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Millions could be won for a tool to diagnose better than doctors

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Author Topic: Millions could be won for a tool to diagnose better than doctors  (Read 29 times)
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« on: May 15, 2011, 08:27:55 am »

Millions could be won for a tool to diagnose better than doctors

The X PRIZE Foundation and Qualcomm on May 10, 2011 announced collaboration on the $10 million Tricorder X PRIZE competition to develop a mobile device capable of diagnosing what ails, better than, or as accurately as, a team of qualified medical doctors.

X PRIZE Foundation and Qualcomm are launching a bold joint mission, seeking Star-Trek-inspired technological innovations in medical point of care data and expert systems and converging cutting-edge advances in microfluidics, medical imaging, wireless sensors, cloud computing, technology usability and more.
Will there be a Tricorder in every hand?

 What if consumers here on earth were able to purchase personal, hand-held, Tricorder-like medical diagnostic gadgets? Could this change empower multiplied healthy choices by masses of folks and stir up a society-shifting healthcare revolution? Reliable medical information and recommended actions for treatment and care could become widely, perhaps almost instantly, available -- and fantastically so, all at the touch of a few buttons, perhaps -- if such a nifty, ingenious contraption could be invented, produced and distributed.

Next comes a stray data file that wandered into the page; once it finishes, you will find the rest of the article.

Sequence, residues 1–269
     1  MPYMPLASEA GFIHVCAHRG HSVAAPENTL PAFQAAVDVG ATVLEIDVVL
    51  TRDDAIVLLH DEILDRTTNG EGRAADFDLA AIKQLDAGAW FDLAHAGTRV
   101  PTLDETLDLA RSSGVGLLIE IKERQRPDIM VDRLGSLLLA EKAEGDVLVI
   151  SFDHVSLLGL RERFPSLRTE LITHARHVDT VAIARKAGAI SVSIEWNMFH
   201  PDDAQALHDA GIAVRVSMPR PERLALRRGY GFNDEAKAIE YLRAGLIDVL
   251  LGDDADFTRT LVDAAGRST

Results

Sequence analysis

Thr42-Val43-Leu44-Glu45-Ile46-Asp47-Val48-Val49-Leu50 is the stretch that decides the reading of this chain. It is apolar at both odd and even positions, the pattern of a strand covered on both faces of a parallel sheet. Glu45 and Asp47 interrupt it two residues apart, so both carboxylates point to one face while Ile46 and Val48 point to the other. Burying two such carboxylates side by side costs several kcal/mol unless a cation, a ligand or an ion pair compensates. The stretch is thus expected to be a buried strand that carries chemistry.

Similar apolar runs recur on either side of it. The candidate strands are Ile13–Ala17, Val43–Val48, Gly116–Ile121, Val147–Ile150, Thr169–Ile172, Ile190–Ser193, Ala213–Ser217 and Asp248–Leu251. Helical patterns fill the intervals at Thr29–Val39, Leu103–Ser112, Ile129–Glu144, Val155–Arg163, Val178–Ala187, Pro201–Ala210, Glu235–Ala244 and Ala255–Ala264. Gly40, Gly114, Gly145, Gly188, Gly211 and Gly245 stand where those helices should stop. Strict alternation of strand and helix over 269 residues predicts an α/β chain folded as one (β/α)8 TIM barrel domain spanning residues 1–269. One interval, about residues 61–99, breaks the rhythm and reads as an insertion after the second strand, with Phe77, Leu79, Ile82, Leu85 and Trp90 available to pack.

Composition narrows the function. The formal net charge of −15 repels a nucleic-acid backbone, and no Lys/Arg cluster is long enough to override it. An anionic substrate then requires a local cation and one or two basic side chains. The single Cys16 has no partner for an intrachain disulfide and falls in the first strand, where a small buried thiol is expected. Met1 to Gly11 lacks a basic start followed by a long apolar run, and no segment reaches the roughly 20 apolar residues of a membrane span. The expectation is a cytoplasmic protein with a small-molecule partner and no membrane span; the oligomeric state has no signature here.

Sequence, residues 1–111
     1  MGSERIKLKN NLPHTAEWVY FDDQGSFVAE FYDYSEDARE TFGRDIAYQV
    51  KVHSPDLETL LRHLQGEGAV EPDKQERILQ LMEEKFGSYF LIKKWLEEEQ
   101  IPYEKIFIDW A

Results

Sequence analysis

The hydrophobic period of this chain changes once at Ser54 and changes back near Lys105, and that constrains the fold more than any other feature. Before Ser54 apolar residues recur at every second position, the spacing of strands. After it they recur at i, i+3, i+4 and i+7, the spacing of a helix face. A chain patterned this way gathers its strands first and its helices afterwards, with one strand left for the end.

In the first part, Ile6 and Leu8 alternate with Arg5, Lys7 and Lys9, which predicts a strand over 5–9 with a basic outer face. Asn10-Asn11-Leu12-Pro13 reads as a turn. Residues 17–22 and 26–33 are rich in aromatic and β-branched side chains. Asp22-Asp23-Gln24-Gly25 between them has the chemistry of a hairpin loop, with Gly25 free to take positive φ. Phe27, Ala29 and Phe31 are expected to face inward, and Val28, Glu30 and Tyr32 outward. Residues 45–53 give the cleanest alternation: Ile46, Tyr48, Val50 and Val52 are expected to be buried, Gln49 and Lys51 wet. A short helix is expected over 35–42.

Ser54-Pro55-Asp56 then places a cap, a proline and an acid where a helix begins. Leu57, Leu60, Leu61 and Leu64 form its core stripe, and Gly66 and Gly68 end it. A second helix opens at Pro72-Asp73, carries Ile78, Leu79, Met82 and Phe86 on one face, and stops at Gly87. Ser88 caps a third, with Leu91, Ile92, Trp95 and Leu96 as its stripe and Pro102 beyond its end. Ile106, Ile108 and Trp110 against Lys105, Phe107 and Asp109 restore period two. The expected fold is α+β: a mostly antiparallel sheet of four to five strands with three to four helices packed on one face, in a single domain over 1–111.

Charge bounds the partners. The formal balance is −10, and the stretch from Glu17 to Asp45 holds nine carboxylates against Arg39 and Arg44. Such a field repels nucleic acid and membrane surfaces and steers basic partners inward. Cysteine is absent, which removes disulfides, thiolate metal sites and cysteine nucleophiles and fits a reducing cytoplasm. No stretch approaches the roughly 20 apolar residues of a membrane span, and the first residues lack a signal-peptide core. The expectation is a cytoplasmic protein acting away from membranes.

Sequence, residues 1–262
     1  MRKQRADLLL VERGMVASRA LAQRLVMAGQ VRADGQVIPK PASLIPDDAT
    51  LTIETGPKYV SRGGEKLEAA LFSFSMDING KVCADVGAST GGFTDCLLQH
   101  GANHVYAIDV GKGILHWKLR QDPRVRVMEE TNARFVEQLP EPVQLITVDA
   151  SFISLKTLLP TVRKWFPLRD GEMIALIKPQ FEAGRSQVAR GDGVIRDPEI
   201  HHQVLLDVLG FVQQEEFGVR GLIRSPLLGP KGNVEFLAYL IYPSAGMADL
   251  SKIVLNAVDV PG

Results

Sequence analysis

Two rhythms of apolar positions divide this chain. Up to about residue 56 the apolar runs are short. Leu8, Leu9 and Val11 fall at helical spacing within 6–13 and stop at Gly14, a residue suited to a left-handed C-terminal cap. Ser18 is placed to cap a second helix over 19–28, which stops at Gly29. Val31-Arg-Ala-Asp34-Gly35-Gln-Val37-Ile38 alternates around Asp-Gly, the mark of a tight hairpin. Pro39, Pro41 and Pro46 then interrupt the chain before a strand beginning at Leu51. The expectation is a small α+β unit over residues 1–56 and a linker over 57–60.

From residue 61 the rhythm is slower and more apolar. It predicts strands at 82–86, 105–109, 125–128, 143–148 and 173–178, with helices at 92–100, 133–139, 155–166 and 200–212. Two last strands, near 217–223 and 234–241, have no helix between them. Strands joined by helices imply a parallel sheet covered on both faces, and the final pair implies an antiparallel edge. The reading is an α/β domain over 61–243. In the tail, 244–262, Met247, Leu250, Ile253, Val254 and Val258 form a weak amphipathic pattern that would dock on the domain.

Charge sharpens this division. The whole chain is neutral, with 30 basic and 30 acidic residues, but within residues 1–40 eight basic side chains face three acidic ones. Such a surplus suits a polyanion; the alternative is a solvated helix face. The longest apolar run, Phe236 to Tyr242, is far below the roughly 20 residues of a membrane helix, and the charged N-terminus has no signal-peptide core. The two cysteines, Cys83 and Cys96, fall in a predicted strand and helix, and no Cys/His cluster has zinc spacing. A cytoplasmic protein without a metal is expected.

OK, perhaps a few scanning sensor passes over the body might be necessary, too.

 Health measurements and related options would become affordably accessible and readily understandable, if these Tricorders of yesterday’s science fiction really come to life in today’s electronic marketplace (like smart phones already have), according to the ambitious thinking behind this competition.

 The upcoming competition's designers agree the winning tool, no matter what it looks like or gets called eventually, must enable any user anywhere to assess an ailment and learn if professional help is the best next step. Anyone using one of these handy, everyday Tricorder-type gizmos should be able to obtain competent, doable answers, easily and almost instantly, to the all-important question that inevitably arises with every disease or disorder: “What do I do next?”

 One early contest booster is Star-Trek creator Gene Roddenberry's son Eugene Wesley "Rod" Roddenberry, Jr., who said he is thrilled so many experts now expect Star-Trek tech to become commonplace soon.


Can't come soon enough!
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The most successful tyranny is not the one that uses force to assure uniformity, but the one that removes awareness of other possibilities, that makes it seem inconceivable that other ways are viable, that removes the sense that there is an outside. --Allan Bloom

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